top of page

Antibiotic Resistance



The use of antibiotics in red meat production contributes to the global issue of antibiotic resistance. 


Antibiotics are essential for preventing, controlling, and treating bacterial infections in both humans and animals. However, the overuse and misuse of antibiotics can result in resistant pathogens.


This practice is prevalent in the beef and pork industries, which together account for over 80% of medically important antibiotics given to farmed animals. Most of these antibiotics are given to prevent, rather than treat, disease and to promote animal growth. 


When an animal is given an antibiotic, which is through either injection or feed, both good and harmful bacteria are killed in the animal's intestines. However, a small group of bacteria may survive. This is because these bacteria have developed resistance to the antibiotic through mutation and selection. When bacteria become resistant, the original antibiotic can no longer kill them. These bacteria can grow and multiply, sometimes even sharing their resistance with other bacteria they meet. 


Source: CDC



Antibiotic-resistant bacteria can be transmitted to humans from animals. This can happen in various ways, including through direct contact with animals, exposure to animal manure, consumption of undercooked meat, and contact with uncooked meat or surfaces meat has touched. Antibiotic-resistant bacteria––such as Salmonella and E. Coli––can cause infections in humans that are harder to treat, leading to higher medical costs, prolonged care and recovery, and increased mortality.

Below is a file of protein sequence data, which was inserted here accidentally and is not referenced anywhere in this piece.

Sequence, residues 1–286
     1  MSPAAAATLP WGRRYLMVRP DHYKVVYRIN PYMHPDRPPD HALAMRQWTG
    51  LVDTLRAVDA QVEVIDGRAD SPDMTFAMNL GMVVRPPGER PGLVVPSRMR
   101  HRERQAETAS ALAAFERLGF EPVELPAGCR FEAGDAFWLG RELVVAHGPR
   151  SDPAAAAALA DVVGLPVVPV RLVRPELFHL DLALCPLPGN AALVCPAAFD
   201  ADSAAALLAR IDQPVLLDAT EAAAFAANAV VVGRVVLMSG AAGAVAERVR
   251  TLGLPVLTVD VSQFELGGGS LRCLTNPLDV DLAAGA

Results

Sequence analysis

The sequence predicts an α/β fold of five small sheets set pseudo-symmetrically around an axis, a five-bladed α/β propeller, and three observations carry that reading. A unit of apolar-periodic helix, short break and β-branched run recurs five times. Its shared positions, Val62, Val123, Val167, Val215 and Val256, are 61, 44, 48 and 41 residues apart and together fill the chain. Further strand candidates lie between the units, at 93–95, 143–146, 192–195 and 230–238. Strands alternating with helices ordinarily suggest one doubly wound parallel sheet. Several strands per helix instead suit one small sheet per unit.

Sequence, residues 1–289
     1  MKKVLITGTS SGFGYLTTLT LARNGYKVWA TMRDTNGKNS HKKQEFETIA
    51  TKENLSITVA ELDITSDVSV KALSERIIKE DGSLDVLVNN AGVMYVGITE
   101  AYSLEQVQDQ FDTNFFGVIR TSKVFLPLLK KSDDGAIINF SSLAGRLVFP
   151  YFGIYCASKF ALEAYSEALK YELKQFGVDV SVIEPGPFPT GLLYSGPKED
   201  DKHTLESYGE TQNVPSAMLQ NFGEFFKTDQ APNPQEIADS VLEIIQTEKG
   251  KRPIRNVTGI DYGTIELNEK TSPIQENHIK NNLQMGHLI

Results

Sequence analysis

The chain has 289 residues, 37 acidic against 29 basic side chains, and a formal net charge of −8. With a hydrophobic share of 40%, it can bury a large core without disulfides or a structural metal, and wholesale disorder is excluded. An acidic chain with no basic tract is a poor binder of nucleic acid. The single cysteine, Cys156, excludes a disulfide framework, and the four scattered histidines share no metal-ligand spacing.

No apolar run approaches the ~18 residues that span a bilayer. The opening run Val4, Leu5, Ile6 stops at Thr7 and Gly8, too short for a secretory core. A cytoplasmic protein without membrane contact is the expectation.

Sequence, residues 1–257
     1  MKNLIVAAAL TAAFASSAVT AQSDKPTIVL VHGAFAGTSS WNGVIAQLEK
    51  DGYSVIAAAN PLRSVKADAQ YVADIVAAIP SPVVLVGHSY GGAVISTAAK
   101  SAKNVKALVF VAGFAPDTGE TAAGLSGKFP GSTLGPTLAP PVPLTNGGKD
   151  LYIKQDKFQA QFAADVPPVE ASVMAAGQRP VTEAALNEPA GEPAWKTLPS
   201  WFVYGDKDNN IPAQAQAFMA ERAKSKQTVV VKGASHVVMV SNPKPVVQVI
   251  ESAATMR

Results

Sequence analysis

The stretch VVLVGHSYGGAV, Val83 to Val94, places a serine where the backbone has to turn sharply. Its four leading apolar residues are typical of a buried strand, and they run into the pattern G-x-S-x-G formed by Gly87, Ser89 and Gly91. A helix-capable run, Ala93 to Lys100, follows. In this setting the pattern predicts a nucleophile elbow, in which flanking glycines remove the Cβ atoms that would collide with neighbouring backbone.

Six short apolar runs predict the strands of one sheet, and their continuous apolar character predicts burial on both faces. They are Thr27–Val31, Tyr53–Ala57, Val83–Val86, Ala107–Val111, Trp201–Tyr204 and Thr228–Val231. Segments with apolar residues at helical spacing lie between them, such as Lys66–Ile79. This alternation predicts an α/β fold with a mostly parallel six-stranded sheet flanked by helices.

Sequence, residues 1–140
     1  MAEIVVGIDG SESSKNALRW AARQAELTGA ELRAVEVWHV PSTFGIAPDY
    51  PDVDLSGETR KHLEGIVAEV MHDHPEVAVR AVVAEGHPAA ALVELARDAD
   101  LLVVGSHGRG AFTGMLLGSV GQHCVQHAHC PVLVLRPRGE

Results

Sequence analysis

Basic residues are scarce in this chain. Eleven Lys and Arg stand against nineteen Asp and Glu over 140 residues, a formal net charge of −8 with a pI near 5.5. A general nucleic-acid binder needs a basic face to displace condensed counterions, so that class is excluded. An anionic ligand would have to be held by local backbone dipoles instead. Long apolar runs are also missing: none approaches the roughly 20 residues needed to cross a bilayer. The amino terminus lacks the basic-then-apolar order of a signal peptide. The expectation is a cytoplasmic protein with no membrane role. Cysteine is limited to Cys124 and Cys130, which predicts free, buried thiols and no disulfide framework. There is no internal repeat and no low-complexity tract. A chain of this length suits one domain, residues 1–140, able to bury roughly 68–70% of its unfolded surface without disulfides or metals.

Source: CDC



According to the Centers for Disease Control and Prevention (CDC), more than 2.8 million antibiotic-resistant infections occur each year in the U.S., resulting in more than 35,000 deaths.

When using an antibiotic, there is always a risk that bacteria will develop resistance. However, using antibiotics properly can help mitigate further resistance.




The sources for the information on this page can be found here.

bottom of page